Authority: Moths out, carbon in
Forester Robin Wildermuth was the star of the June 8 Water Authority board meeting, bringing good news about moths and confusing news about carbon emissions before rushing out to greet an expected grandchild as early as the next day.
First, he told the board that after three years he believes the danger of swarms of gypsy moths in the watershed has likely passed. The authority has spent about $20,000 each of those years on organic, non-dangerous insecticide sprays to keep the moth population from completely defoliating sections of forest. It’s been successful, but Wildermuth says the weather is finally cooperating in a way that should limit the insect population next year.
“I think we’re seeing the end of the outbreak,” he said. “[The weather] is variable year-to-year, but I think we’re past it.”
Wildermuth said this year’s weather has been better to cultivate the diseases that typically strike moth larvae and keep populations manageable. He said he’s still monitoring the issue, but it’s likely no spray will be needed next year.
Then came questions about the authority’s carbon credit program, which it began in 2012. Carbon credit is paid to a group to conserve greenhouse gas emissions by another group to offset its own emissions. Wildermuth spoke and answered questions for about 40 minutes, and assured listeners he was simplifying.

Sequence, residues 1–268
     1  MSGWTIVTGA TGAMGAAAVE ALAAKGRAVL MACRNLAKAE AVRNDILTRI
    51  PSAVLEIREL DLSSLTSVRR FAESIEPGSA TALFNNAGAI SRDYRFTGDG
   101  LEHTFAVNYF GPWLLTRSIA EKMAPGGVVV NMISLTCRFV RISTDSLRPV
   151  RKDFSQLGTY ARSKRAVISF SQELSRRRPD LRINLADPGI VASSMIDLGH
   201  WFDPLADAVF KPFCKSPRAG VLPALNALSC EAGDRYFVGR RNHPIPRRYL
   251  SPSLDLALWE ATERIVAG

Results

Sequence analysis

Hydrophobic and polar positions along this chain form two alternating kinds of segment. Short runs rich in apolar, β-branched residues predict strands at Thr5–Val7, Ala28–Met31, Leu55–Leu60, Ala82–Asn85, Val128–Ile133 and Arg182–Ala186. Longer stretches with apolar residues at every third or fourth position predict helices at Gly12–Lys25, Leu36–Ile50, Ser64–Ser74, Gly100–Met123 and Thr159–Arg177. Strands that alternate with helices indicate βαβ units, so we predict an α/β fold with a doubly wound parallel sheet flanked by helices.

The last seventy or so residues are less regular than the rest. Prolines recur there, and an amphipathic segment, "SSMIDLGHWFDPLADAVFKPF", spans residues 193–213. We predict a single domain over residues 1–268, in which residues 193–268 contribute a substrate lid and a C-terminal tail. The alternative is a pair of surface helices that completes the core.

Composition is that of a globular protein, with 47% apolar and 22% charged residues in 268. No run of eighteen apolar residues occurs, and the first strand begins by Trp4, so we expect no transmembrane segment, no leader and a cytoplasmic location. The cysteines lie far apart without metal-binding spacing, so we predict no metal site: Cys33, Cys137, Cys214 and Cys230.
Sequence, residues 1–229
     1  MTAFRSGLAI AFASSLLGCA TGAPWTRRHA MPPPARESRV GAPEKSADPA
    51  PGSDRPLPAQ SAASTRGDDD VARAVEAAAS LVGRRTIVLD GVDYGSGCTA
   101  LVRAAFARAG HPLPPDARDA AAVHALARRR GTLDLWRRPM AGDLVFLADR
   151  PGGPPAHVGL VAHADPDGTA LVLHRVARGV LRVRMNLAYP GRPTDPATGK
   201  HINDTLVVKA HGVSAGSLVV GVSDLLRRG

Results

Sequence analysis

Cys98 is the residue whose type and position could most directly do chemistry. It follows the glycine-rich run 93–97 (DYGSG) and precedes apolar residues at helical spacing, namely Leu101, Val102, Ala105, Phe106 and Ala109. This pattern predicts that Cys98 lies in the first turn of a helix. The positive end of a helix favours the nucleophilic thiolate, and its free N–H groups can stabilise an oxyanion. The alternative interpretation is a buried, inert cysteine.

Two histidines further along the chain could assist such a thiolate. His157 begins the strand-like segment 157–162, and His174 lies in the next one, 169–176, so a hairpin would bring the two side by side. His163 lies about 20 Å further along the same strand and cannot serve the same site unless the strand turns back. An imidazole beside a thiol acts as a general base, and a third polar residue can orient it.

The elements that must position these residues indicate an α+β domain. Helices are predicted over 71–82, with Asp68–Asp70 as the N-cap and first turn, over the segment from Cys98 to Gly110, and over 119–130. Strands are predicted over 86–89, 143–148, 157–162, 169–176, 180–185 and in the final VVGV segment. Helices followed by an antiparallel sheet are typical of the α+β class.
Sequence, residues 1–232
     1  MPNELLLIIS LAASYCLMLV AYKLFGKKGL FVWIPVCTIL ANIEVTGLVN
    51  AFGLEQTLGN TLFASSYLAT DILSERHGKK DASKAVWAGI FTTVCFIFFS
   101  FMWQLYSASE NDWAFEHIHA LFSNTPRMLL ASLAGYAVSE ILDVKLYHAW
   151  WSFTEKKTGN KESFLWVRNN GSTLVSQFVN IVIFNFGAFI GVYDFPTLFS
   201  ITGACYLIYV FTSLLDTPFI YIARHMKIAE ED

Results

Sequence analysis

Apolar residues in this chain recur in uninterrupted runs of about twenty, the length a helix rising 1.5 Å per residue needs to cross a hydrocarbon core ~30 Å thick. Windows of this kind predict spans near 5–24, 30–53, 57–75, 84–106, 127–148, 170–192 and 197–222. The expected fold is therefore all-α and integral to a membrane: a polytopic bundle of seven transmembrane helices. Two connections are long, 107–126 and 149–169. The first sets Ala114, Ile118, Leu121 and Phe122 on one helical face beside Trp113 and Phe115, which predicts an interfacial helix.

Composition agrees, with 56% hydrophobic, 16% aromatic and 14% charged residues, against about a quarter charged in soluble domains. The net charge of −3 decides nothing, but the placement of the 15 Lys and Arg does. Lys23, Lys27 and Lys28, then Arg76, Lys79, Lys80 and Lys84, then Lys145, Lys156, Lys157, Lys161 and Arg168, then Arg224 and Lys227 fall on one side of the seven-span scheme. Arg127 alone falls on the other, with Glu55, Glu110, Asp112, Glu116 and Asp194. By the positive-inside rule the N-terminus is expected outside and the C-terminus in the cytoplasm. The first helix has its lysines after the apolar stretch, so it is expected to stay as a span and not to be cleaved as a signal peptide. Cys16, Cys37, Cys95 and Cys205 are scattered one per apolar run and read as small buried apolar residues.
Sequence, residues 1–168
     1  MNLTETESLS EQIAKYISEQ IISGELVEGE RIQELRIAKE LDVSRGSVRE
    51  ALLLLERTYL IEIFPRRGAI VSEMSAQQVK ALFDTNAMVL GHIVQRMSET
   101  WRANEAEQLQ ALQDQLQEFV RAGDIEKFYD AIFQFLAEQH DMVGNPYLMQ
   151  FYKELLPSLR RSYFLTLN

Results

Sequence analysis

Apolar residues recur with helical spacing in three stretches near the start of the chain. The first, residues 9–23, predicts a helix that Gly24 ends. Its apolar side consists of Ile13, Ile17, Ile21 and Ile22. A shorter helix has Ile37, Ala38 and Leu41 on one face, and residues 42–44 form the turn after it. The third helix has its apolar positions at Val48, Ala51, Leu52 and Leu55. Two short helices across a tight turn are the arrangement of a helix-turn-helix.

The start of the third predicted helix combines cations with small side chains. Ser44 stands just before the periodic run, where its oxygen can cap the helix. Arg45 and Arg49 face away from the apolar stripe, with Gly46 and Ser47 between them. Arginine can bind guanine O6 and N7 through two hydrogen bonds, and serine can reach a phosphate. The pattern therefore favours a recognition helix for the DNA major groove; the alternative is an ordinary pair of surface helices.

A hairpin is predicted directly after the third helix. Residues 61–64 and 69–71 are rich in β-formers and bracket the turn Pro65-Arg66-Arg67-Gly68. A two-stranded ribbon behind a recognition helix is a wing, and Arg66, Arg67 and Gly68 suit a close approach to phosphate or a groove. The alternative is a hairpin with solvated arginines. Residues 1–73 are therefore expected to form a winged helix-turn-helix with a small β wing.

The complexity of the process and lack of “a road map” led to some confused early expectations, and thus far the program hasn’t resulted in the consistent level of returns Executive Director Steve Repasch expected, though in aggregate over the years the returns pretty much meet expectations. Wildermuth said initial estimates for the first 10 years of the program were initially based on a sampling model best suited only for the short-term, and thus the actual number of tons of carbon being created by the woodlands may not be accurate for the long term.
The model was changed to a more accurate long-term simulation, but Wildermuth hesitates to cross his fingers and hope for the best at the end of 10 years, and suggests the authority do a measurement in-house at the end of the year to remodel and adjust estimates early, if needed.
While simulations and random land plots use some detailed science, Wildermuth says much of carbon credit sales – the authority contract through 2021 is with Disney – is about striking a balance with land management to produce bigger, healthier trees.
Otherwise, Repasch reported the PennEast Pipeline stalemate continues, and the board agreed on a deal reducing water flowing to Upper Saucon Township over the next 15 years from 6 million to 2 million gallons a year. Water and Sewer Resources Director Ed Boscola said the township has been working on its infrastructure to ween itself from the city.
The next meeting is scheduled for 3:30 p.m. July 13 at city hall.